Dengue, one of the country’s health priorities, was detected in 1970, with the worst epidemic occurring in 1986. The highest incidence occurred in 2011, with 2,850 reported cases ().

Most of the cases of hepatitis B reported between 2003 and 2011 were men between the ages of 25 and 44. The majority of the cases were imported.

According to data from the Central Statistics Bureau Health Monitor, the most frequent form of transmission for the human immunodeficiency virus (HIV) was heterosexual contact (59%), followed by men having sex with men (29%); those 25 44 years old were the most affected. In 2010 3,162 HIV screening tests were administered at the national laboratory, 23 of which (0.55%) were positive. In 2011, there was one case of mother-to-child transmission ().

With regard to teenage pregnancy, between 2006 and 2011 the percentage of live births among mothers under the age of 20 ranged from 12.1% to 13.5%. In 2012, 12% of children had teenage mothers, compared to 11.3% in 2013. In 2011, the birth rate among 15 19-year-olds was 39 live births per 1,000 population, compared to 36 in 2012 and 33.7 in 2013 ().

Chronic Conditions

Between 2005 and 2012, chronic, noncommunicable diseases were the leading cause of morbidity and mortality. According to the 2006 STEPS survey for Aruba, an increase in the prevalence of noncommunicable diseases such as heart disease, stroke, and cancer, and risk factors such as hypertension, elevated blood glucose, and high cholesterol was confirmed in the 55 to 64 year age group ().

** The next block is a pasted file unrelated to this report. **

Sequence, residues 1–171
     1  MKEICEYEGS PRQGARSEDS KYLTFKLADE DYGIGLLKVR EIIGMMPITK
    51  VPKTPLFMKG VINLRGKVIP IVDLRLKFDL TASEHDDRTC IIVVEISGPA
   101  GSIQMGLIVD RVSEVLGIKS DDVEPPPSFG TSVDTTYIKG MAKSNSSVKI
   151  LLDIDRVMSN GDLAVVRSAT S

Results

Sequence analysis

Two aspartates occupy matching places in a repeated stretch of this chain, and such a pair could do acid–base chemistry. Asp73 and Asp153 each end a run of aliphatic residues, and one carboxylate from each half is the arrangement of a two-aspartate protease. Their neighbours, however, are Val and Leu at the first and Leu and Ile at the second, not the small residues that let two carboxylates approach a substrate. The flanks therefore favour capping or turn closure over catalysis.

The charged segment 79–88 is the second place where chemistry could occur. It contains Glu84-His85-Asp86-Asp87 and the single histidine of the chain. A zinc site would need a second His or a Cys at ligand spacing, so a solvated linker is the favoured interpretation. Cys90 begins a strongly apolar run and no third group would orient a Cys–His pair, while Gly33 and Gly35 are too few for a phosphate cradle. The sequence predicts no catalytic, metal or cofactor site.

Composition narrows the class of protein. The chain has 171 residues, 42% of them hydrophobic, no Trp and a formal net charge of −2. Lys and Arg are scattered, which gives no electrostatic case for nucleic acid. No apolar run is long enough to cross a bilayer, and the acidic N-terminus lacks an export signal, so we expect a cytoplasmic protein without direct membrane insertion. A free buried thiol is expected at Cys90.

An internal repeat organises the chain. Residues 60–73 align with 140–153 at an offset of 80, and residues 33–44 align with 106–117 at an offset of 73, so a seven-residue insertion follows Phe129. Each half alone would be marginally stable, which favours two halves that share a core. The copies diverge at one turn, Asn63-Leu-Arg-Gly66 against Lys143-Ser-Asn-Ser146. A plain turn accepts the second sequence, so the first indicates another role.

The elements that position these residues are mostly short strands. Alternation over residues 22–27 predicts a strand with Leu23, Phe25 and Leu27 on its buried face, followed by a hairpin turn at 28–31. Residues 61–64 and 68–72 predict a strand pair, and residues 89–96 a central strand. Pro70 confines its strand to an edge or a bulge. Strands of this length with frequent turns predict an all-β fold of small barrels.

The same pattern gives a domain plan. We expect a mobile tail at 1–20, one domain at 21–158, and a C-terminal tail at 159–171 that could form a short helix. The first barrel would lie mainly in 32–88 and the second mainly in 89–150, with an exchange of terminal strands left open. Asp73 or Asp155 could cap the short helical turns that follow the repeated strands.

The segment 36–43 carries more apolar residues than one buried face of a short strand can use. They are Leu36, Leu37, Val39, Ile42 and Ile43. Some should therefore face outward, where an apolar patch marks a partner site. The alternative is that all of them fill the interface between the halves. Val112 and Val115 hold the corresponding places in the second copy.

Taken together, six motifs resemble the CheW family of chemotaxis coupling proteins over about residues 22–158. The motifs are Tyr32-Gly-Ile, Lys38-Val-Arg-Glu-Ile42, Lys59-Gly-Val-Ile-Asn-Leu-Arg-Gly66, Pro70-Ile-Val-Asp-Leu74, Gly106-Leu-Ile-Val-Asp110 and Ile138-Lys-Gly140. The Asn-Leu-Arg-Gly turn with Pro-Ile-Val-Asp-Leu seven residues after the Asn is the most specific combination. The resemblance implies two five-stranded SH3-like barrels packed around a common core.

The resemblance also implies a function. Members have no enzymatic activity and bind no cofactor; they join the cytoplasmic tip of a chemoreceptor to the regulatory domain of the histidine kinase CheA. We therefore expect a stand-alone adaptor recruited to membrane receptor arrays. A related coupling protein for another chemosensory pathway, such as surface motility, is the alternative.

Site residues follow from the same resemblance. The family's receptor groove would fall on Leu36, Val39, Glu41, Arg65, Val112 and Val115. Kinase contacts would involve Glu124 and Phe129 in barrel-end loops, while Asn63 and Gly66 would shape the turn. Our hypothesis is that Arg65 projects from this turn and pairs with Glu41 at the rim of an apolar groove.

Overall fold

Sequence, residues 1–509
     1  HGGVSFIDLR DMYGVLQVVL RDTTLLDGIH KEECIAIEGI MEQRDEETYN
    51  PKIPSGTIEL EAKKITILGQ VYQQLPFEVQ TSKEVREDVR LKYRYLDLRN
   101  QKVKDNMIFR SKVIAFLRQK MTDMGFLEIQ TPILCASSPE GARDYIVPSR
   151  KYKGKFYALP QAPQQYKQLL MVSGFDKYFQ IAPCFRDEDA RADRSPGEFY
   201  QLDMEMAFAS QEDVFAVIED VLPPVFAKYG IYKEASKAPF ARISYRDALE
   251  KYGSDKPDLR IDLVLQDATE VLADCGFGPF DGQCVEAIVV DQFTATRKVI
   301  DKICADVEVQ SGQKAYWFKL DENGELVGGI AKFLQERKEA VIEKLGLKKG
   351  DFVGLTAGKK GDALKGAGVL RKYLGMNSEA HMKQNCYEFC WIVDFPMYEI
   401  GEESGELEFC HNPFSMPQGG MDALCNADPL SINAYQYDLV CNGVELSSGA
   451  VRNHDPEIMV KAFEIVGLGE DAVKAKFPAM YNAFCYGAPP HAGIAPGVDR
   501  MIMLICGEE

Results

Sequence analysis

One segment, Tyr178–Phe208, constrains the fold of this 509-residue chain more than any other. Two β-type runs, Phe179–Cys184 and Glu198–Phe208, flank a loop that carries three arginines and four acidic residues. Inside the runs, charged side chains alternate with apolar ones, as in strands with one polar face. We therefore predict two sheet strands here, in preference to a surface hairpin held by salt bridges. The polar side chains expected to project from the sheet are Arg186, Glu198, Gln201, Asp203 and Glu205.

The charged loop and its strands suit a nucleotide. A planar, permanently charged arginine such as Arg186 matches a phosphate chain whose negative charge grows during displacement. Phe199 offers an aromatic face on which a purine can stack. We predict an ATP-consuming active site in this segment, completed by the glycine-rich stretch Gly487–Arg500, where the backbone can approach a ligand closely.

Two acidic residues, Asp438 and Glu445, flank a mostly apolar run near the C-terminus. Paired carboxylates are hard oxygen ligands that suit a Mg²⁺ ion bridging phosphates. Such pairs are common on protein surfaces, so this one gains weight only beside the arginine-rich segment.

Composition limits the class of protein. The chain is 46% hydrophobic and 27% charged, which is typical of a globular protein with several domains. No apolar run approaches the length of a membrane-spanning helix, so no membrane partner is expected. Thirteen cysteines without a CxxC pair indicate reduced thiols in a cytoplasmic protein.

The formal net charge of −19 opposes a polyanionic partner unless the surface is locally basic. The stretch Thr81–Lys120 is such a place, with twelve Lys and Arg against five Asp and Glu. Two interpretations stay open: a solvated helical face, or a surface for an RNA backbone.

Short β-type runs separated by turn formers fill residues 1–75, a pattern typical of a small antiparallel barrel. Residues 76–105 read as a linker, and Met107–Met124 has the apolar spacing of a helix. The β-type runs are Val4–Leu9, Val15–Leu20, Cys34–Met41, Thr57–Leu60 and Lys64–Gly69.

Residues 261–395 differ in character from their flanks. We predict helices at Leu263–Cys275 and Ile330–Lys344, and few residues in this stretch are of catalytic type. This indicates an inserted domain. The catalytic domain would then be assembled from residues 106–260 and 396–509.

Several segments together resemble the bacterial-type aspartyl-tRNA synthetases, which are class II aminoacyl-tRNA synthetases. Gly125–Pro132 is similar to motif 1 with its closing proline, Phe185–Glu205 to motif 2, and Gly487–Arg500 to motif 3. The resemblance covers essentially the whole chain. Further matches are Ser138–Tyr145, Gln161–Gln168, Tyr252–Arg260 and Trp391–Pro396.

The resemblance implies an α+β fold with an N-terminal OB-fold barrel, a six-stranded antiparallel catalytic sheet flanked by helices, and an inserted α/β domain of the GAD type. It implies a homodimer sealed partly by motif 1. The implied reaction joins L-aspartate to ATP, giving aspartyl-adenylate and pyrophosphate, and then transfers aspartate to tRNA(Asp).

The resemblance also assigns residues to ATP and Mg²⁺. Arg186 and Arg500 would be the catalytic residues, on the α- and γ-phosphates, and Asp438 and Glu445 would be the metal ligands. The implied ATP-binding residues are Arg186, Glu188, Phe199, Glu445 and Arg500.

Between 2000 and 2010, the leading cause of death was linked to diseases of the circulatory system, which were responsible for 33% of total deaths in that period, followed by malignant neoplasms, which accounted for 25% of total deaths.

According to the 2006 STEPS survey, 16.2% of people 25 64 years old used tobacco (twice as many men as women) (). According to a health survey of young adults conducted in 2012, 27.9% of youth in high schools had used tobacco at least once ().

In 2010, the greatest number of potential years of life lost (PYLL) was due to external causes, mainly traffic accidents, with 1,077 PYLL for men, surpassing the number of cases due to ischemic heart disease (559.3 PYLL) for that population group.

Human Resources

In 2013, Aruba had 43 general practitioners and 78 specialists (1.82 per 1,000 population); there were 0.35 dentists per 1,000 population. In 2010, the ratio of general surgeons to population was 1 per 21,520 and 1 per 35,867 for psychiatrists. In general, health service providers are contracted by the general health insurance fund (Algemene Ziektekosten Verzekering, or AZV), including all primary care physicians, specialists, and most dentists, physical therapists, and midwives ().

Aruba has no national medical school, so most health professionals are trained in the Netherlands, the United States, Colombia, and Costa Rica. There are three foreign medical schools in Aruba, but their graduates cannot practice on the island. The country risks “brain drain” through the emigration of its health professionals, as professionals who study and graduate abroad tend to remain there to take advantage of better employment opportunities and higher salaries.